Our strategy

The government has agreed that in 2050 there must be no more harmful carbon emissions in the Netherlands. To achieve this, we should already be reducing our carbon emissions by 55% in 2030 compared to 1990, but 60% would be even better. Among other things, this will result in a high degree of electrification of society, new forms of energy generation and alternatives for natural gas with fitting infrastructural modifications. Apart from expanding and upgrading existing networks, this calls for a fundamental change to how the energy system is constructed, used and managed. The current rate at which the energy networks are being modified is not in line with what is required. Waiting times for new connections and upgrades are therefore increasing and this has a major impact on society, including the housing development challenge, efforts to improve sustainability in the Netherlands and the economy. This also puts pressure on efforts to accelerate development and improve sustainability in the Netherlands.

Our goal is to offer customers timely solutions that fit within an affordable and reliable energy system, both today and in the future. Our expansions, upgrades and modifications make improved sustainability and development in the Netherlands possible and enable us to work towards it's further acceleration. Our revised strategy shows how we will achieve this. The strategy is based on intensive collaboration with the government, provincial authorities, municipalities, other network companies, the industry, companies, citizens and other relevant parties that influence the energy infrastructure in the Netherlands.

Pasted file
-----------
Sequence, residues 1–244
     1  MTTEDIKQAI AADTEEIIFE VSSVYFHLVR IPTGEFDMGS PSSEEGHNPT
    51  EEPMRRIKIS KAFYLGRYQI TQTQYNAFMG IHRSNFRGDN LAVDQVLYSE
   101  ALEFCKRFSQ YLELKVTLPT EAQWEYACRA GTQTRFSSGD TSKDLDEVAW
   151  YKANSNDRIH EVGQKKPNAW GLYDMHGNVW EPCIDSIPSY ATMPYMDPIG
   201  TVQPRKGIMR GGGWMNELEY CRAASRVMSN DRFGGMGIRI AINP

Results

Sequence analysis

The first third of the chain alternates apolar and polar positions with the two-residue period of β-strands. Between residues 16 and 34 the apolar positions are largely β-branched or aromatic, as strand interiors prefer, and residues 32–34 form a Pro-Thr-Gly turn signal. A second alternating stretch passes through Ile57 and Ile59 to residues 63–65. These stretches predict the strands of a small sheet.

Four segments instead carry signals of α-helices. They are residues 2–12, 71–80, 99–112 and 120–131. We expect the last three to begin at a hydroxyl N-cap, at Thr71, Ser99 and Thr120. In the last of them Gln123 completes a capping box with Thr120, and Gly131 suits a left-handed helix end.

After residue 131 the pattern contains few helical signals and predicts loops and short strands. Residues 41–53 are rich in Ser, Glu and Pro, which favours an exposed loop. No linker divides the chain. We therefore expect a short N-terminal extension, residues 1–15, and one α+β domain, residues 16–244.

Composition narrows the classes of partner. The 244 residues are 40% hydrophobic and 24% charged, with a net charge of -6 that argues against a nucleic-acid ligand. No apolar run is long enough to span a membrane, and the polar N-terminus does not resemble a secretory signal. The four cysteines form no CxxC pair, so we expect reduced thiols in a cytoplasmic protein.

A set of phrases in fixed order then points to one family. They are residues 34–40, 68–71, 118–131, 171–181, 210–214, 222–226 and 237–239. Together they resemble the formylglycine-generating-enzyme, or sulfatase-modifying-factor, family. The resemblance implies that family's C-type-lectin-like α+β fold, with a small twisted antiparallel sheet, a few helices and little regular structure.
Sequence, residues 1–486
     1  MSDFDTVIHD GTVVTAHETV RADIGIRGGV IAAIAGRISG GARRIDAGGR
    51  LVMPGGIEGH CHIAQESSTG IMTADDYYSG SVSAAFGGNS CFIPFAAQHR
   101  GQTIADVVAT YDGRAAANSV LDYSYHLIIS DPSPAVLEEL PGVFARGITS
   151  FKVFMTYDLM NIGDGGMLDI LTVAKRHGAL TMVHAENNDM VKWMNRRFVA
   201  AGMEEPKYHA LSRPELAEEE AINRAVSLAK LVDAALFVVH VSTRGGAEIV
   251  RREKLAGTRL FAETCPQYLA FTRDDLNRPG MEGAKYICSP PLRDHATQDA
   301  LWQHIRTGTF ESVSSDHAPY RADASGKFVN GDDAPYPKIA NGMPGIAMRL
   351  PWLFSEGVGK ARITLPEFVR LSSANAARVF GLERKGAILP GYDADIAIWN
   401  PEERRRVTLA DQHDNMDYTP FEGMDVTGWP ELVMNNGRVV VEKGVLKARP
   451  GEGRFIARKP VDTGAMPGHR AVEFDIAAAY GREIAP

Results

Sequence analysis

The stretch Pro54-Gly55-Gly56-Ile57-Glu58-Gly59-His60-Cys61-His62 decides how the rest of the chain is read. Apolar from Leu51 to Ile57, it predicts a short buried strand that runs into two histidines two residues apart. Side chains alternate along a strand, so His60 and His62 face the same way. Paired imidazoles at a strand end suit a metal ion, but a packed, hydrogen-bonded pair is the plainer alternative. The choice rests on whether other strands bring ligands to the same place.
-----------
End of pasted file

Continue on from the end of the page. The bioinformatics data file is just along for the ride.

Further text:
The energy system of the future

We do not yet know exactly what the energy system will look like in 2050. This depends on many factors: how society will develop and how, where and in what way energy will be generated and consumed, but it also depends on global energy prices, relationships between countries and the extent to which we want to be self-sufficient. All of this affects things like how much energy we import, how much we are willing and able to generate ourselves and which infrastructural modifications this requires in certain locations.

Alliander’s strategy

We performed a reappraisal of Alliander’s strategy in 2023. As a result, we will now be using seven strategic pillars that strengthen and complement each other. These pillars will see us maintain a strong focus on further scaling up the required network upgrades and expansions, making the power grid more flexible and scaling up and improving communication with the users and partners in the energy system in the upcoming period.

1. Excellent management: optimising maintenance and improving customer services